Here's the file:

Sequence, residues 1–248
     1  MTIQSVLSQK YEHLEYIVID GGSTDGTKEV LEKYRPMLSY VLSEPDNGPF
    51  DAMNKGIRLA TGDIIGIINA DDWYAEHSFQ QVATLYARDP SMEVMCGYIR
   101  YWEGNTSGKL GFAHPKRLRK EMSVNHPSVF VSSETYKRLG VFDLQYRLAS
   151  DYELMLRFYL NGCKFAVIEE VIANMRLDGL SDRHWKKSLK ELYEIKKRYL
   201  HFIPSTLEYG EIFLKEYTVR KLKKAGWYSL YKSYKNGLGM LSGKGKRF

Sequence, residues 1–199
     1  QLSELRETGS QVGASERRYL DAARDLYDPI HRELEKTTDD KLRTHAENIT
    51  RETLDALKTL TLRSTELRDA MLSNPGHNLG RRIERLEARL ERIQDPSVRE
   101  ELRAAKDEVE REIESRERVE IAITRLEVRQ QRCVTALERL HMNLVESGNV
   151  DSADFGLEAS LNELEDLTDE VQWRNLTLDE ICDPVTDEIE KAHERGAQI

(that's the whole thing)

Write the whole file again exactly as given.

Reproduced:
Sequence, residues 1–248
     1  MTIQSVLSQK YEHLEYIVID GGSTDGTKEV LEKYRPMLSY VLSEPDNGPF
    51  DAMNKGIRLA TGDIIGIINA DDWYAEHSFQ QVATLYARDP SMEVMCGYIR
   101  YWEGNTSGKL GFAHPKRLRK EMSVNHPSVF VSSETYKRLG VFDLQYRLAS
   151  DYELMLRFYL NGCKFAVIEE VIANMRLDGL SDRHWKKSLK ELYEIKKRYL
   201  HFIPSTLEYG EIFLKEYTVR KLKKAGWYSL YKSYKNGLGM LSGKGKRF

Sequence, residues 1–199
     1  QLSELRETGS QVGASERRYL DAARDLYDPI HRELEKTTDD KLRTHAENIT
    51  RETLDALKTL TLRSTELRDA MLSNPGHNLG RRIERLEARL ERIQDPSVRE
   101  ELRAAKDEVE REIESRERVE IAITRLEVRQ QRCVTALERL HMNLVESGNV
   151  DSADFGLEAS LNELEDLTDE VQWRNLTLDE ICDPVTDEIE KAHERGAQI